Accrual accounting can also offer a reliable vision of a company’s financial health. This provides business owners with an understanding of their profit and loss for a given month, quarter or year.

    In our example, using accrual accounting will allow XYZ Roofing credit for the work invoiced in March and also accounts for any expenditures and liabilities incurred by ordering and paying for supplies or labor. If payment comes in 30, 60 or 90 days later, the credit is accounted for and the cash balance for XYZ Roofing goes up. On the other hand, if payment is not received, you have that information recorded as well, which will highlight the loss when you prepare your P&L or get ready to file for your taxes.

    One key disadvantage of accrual accounting is that it is more complicated than the cash accounting method. You will need the support of a trained accountant or the use and understanding of accounting software.

    Which Accounting System Is Right for Your Small Business?

    The short answer: It depends. Most small businesses with no inventory use the cash accounting method because it’s simpler, explains Courtines. In his experience, many small businesses of this type find it easier and faster to keep records using cash accounting. Cash accounting is also simpler to complete on IRS forms.

    Cash accounting provides an accurate picture of your business financials at a snapshot in time. However, accrual accounting gives you a better sense of whether these numbers are reliable and repeatable for the foreseeable future, explains Courtines. The accrual method also offers a more accurate, real-time picture of how your business is performing each month.

    “If your business is growing steadily, or if your business is based on a recurring service with little fluctuation and few issues getting paid by clients, cash basis accounting will likely be straightforward and sufficient,” says Courtines.

    He also lists some situations in which the accrual method might be more accurate instead:

    • Your business has significant inventory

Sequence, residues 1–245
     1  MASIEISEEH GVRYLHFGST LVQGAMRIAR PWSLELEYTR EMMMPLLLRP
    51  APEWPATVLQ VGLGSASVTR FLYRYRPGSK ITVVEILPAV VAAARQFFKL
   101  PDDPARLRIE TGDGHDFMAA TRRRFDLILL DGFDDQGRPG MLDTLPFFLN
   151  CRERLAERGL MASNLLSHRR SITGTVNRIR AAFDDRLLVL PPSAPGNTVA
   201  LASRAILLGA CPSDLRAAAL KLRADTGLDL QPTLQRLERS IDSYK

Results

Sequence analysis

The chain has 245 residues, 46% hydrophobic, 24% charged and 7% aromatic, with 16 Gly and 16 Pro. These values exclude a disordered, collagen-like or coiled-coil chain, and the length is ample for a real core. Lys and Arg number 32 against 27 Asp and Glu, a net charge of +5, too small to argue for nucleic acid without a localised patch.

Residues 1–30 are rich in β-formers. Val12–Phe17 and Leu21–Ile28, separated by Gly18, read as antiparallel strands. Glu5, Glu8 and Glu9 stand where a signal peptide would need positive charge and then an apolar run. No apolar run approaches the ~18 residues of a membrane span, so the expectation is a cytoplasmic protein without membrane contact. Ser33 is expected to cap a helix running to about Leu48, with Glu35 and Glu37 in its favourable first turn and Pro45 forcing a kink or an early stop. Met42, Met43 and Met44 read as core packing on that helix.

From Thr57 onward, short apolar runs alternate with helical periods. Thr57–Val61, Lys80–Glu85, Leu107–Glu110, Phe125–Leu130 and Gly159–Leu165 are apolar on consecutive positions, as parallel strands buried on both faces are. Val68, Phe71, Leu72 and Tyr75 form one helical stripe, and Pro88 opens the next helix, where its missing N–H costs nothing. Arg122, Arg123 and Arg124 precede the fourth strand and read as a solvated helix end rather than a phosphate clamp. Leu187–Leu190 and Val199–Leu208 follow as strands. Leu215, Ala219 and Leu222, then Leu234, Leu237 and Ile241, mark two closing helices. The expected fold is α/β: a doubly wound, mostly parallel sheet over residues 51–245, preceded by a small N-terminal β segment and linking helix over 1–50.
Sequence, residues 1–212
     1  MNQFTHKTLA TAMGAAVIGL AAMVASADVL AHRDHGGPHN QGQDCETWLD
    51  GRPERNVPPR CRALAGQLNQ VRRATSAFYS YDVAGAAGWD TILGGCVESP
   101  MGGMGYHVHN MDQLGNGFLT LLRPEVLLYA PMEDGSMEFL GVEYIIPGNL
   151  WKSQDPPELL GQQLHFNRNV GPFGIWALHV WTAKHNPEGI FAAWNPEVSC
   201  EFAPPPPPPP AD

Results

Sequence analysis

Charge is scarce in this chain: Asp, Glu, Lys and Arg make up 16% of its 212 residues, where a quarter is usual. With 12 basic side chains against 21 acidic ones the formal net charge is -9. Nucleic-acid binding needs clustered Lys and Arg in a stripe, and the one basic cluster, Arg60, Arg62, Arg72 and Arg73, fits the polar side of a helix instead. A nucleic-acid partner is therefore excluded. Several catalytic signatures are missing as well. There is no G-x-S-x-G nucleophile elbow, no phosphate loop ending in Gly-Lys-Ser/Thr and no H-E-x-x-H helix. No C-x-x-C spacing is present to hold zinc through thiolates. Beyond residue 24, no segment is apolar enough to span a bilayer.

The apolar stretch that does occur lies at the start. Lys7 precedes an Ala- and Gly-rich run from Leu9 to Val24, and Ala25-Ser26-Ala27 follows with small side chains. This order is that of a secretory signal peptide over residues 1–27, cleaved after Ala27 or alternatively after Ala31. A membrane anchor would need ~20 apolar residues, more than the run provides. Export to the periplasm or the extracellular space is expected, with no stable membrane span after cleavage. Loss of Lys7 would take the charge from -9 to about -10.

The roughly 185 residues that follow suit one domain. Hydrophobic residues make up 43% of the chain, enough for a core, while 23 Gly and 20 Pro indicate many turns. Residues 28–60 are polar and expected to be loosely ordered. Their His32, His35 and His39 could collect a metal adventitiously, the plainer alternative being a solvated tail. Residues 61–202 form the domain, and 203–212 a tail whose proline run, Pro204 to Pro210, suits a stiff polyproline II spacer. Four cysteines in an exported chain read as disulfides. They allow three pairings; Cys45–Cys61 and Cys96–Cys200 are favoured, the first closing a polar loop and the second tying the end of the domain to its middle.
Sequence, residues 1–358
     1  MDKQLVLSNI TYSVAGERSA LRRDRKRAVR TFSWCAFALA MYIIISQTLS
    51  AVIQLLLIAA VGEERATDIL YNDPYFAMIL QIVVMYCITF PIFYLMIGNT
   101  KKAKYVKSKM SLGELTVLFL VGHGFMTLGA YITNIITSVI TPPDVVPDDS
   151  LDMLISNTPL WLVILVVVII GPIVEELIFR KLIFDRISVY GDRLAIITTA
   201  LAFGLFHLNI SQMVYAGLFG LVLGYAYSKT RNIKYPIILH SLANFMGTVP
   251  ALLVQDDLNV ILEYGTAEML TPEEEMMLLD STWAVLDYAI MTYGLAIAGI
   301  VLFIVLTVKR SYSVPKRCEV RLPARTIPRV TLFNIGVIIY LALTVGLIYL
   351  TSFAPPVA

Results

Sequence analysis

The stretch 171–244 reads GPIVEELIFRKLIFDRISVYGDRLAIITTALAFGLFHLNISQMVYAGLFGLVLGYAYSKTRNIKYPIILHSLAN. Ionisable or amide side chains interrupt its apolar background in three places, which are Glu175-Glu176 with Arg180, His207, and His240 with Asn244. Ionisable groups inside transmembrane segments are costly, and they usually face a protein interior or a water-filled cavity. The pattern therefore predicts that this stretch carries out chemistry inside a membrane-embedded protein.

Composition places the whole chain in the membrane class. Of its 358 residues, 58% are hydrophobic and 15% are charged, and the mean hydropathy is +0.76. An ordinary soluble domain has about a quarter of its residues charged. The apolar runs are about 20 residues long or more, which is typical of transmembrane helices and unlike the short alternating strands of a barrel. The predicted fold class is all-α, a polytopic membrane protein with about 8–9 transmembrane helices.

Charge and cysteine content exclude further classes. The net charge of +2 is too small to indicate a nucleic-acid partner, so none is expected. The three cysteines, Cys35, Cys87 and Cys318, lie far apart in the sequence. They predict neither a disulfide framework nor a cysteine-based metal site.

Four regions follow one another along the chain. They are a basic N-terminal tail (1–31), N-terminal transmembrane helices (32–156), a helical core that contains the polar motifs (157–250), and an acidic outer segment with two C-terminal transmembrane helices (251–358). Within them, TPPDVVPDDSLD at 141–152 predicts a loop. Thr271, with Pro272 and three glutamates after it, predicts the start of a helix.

• Vendor payments fluctuate greatly from month to month
    • Some customers pay quickly but others stretch out payments for months

    How Being Incorporated Affects Which Method You Use

    If you’ve set up your business structure as an LLC, C Corp or S Corp, the IRS will ask you which method of accounting you’ve chosen in your first year of incorporation for tax purposes. According to the IRS, a corporation or a partnership can use the cash accounting method if its average annual gross receipts for the three preceding tax years were $25 million or less. Once this threshold is passed, a business "must change to an accrual method of accounting, effective for the tax year in which the entity fails to meet this [gross receipts] test."

    One simple exception is if you have an S Corp or run a business (regardless of structure) that’s service-based. So graphic designers, content strategists or architects, for example, can continue to use cash accounting even on the lucky day when they pass $8 million in annual revenue!

    At tax time, most businesses can choose their accounting method when they file their first tax return. You can also ask permission from the IRS to change it in subsequent filings.

    Another approach? You could run accrual accounting in your software to manage the business finances from the start. But if you hate the idea of paying Uncle Sam based on cash that’s not yet in your hands, you could ask your accountant to make a few year-end adjustments and then file under the cash method, says Courtines.

    Carefully weighing the pros and cons of cash vs. accrual accounting and learning about each method’s caveats will help you gauge which is a better fit for your small business. If you find that you’re having trouble deciding, reach out to Bizee! Since 2004 Bizee has helped more than 1,000,000 business owners and entrepreneurs at every stage of their business development, including offering filing services and assistance with your bookkeeping and accounting needs.

    Peter Mavrikis

    Peter Mavrikis

    Peter Mavrikis is an author and editor with over 25 years of experience in publishing. He has worked as the Editorial Director for Barron’s Educational Series, as well as Kaplan Test Prep, where he ran the test prep, foreign language, and study guide.